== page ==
Several years ago, I wrote a newsletter article called "Adding Value" Means "Improving Information". Its premise was this – moving up each level in the hierarchy from Data to Wisdom involves more summarization, abstraction, or processing from a previous level.
Levels of Value
Moving up a level adds value – each move requires changing and improving the context and usefulness of the information, going from raw data to something increasingly valuable – as illustrated in the following examples:
|4 – Wisdom||Strategic Plan||Interpretation|
|3 – Knowledge||Variance Explanation||Executive Summary|
|2 – Information||General Ledger||Report|
|1 – Data||Transactions||Isolated Facts|
I've recently seen these same ideas play out in two client projects – one a data warehouse and executive dashboard, and the other on inventory reduction.
Data Warehouse and Executive Dashboard
At its lowest level, the data warehouse and executive dashboard for our property development and leasing client was merely a collection of a large number of facts – transactions and account balances from the ledger, clauses abstracted from hundreds of lease documents, schematics of the properties, and information from each property's manager and tenants.
A project like this requires an unprecedented level of consistency among the various data elements. For example, a property might be coded "xxx-001" in one system" and "xxx-01" or "xxx 001" in other systems. ALL the incoming items for the property had to have the "xxx-001" code – or be translatable into the "xxx-001" format 100% of the time. What happened if the code were "xxx-00a"? It would be kicked out as an error, and then researched and resolved. What happened if there were no property code? The same thing – it would be held up until the problem was fixed.
The benefit of this level of consistency? Suddenly, comparing information across various properties became much easier. Complex analyses which had been too difficult to develop using typical reporting writing tools became practical. And questions from the users? They became more sophisticated, looking for additional clues – exceptions and trends – among the data.
Visual Trends & Exceptions
Since most people have a hard time seeing trends or exceptions among tables of data, a large number of charts were developed, making it easier to spot issues and opportunities. Once something is spotted, it is easy to start from the high-level graphical presentation and drill-down to find the root cause.
All of the charts and tables were presented to users via an executive dashboard – and only the information relevant to that person's specific responsibilities was shown. The dashboard presented an unprecedented amount of knowledge to personnel of all levels. Once people became familiar with the initial dashboard content, they requested more forward-looking information be added and presented, which we did.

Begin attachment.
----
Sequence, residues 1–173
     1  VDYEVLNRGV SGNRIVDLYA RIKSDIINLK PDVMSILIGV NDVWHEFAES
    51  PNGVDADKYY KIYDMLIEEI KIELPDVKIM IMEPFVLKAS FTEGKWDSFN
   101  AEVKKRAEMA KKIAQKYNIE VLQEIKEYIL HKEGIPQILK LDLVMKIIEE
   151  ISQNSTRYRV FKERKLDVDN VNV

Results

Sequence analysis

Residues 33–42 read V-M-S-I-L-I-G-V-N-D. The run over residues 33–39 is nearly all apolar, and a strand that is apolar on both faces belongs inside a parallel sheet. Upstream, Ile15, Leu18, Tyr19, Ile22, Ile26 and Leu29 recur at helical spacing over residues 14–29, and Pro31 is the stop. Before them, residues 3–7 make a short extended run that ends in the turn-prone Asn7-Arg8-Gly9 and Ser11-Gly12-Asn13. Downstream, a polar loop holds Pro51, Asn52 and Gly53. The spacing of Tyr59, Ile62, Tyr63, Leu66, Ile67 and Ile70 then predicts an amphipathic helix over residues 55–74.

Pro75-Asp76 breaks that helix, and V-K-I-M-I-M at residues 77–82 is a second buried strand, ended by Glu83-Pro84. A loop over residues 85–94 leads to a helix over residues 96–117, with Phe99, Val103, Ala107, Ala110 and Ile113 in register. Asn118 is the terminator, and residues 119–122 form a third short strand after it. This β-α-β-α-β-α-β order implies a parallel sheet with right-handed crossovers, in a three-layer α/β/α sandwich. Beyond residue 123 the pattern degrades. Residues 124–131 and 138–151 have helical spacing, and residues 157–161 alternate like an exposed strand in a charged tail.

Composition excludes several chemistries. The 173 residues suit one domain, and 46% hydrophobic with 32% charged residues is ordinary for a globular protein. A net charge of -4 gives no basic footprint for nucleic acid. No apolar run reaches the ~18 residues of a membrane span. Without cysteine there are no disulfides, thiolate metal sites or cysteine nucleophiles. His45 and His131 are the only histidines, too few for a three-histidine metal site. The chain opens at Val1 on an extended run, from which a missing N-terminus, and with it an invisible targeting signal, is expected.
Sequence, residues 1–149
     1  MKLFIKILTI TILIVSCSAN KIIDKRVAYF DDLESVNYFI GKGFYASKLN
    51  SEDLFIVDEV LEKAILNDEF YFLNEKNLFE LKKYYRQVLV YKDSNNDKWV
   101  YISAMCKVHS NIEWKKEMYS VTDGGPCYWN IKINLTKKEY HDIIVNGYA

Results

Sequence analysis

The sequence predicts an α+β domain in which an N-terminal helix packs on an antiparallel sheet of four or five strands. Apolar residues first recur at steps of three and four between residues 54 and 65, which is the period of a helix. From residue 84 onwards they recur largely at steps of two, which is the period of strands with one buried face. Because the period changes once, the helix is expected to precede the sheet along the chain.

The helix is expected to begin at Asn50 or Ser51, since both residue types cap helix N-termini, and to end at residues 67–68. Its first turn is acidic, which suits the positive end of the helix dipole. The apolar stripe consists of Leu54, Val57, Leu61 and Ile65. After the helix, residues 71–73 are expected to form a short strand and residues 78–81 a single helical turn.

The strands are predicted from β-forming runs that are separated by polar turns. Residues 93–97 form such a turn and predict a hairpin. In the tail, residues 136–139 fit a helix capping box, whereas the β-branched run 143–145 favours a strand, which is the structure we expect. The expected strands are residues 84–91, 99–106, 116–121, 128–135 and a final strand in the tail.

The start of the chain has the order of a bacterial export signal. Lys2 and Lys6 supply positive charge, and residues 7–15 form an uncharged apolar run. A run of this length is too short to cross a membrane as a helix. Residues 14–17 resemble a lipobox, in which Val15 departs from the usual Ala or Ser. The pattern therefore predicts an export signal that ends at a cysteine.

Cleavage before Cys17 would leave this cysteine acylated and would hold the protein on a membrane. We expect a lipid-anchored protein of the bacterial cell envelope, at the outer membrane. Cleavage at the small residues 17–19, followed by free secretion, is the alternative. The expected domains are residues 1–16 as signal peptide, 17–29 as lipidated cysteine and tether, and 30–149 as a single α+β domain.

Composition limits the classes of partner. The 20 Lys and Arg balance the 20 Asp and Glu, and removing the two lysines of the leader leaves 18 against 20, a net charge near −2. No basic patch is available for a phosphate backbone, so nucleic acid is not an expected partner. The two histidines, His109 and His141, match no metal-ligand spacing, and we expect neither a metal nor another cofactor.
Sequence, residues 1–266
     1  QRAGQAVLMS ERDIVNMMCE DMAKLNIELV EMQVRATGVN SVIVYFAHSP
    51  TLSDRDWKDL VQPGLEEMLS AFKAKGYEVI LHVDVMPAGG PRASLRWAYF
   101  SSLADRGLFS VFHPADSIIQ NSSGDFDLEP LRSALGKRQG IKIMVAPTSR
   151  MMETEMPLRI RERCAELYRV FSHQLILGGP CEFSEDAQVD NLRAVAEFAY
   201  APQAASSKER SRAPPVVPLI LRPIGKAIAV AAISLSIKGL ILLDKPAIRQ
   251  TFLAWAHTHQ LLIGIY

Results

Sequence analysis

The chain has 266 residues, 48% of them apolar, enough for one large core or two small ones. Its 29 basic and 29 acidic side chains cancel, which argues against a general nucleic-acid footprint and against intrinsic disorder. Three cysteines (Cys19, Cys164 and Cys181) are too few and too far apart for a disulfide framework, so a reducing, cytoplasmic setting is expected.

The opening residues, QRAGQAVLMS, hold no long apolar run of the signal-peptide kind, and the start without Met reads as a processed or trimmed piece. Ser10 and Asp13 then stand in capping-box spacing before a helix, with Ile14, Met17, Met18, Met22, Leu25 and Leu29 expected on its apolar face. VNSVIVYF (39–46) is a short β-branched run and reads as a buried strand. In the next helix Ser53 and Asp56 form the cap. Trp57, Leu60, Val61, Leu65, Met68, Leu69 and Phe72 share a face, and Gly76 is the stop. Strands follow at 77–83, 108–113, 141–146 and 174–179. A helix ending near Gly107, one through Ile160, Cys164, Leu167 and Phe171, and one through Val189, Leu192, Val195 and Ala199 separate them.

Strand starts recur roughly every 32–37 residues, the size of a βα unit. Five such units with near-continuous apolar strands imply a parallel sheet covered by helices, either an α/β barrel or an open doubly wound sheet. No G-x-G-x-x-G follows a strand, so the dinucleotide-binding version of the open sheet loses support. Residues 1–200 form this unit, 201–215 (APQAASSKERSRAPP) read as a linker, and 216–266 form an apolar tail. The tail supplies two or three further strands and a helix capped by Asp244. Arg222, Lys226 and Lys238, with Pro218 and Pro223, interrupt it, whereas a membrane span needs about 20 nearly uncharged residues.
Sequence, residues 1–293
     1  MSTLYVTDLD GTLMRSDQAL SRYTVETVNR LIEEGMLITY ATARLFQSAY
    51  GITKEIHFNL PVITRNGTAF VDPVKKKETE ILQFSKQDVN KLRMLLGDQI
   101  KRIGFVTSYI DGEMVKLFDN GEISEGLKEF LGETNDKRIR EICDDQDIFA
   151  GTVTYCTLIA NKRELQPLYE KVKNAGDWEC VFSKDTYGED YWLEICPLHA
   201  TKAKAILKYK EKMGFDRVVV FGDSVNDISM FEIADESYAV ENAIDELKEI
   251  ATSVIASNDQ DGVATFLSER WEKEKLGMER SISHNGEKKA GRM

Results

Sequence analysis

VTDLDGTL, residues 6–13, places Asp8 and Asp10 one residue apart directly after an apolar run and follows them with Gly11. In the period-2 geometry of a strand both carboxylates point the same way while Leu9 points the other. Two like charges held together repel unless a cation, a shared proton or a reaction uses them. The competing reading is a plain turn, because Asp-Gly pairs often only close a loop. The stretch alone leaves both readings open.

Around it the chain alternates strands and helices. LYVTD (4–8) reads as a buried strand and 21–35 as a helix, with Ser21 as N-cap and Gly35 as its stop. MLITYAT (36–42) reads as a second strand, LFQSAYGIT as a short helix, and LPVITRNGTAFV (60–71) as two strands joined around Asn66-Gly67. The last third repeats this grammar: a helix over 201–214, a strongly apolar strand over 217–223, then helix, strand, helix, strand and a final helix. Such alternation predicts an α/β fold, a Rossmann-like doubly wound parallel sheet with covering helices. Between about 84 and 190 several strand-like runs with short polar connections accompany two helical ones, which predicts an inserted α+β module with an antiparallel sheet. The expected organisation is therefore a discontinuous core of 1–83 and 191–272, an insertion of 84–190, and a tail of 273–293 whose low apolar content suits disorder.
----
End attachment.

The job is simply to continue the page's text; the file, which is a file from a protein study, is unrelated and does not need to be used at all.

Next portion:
What did the users – especially the executives and key managers – do with all this knowledge? They changed the way they did detailed monthly reviews – looking at a property's historical performance, its performance against its peers, its tenants' performances in other properties and across their peer groups, and projected future performance – of selected properties. Our client moved from a series of manually-compiled paper-based reports to using the dashboard almost exclusively. In short, these detailed reviews now require very little preparation effort, and capital expenditures and strategic decisions are now made more easily and confidently.
"Inventory" means something different for product-based companies versus services companies. For the former, inventory consists of the goods available for sale, while inventory for the latter reflects unbilled amounts for services already performed. Our client in the medical services industry began a fiscal year with a manageable – though large – inventory of unbilled services. For a variety of reasons, this inventory grew eight-fold in ten months. By that time, the inventory was both too large and unmanageable – it was like a boat taking on water more quickly than it could be bailed out.
This excess inventory was attacked in two ways. First, a large team was assembled of both internal and temporary personnel, who devoted many hours over three months to work down the inventory – in other words, to bail water faster. This team was successful, because the inventory dropped 35% during this period.
The problem? The inventory reduction had plateaued – inventory settled at a new level lower than its previous peak, but much higher than its desired level.
Technology & Process Improvements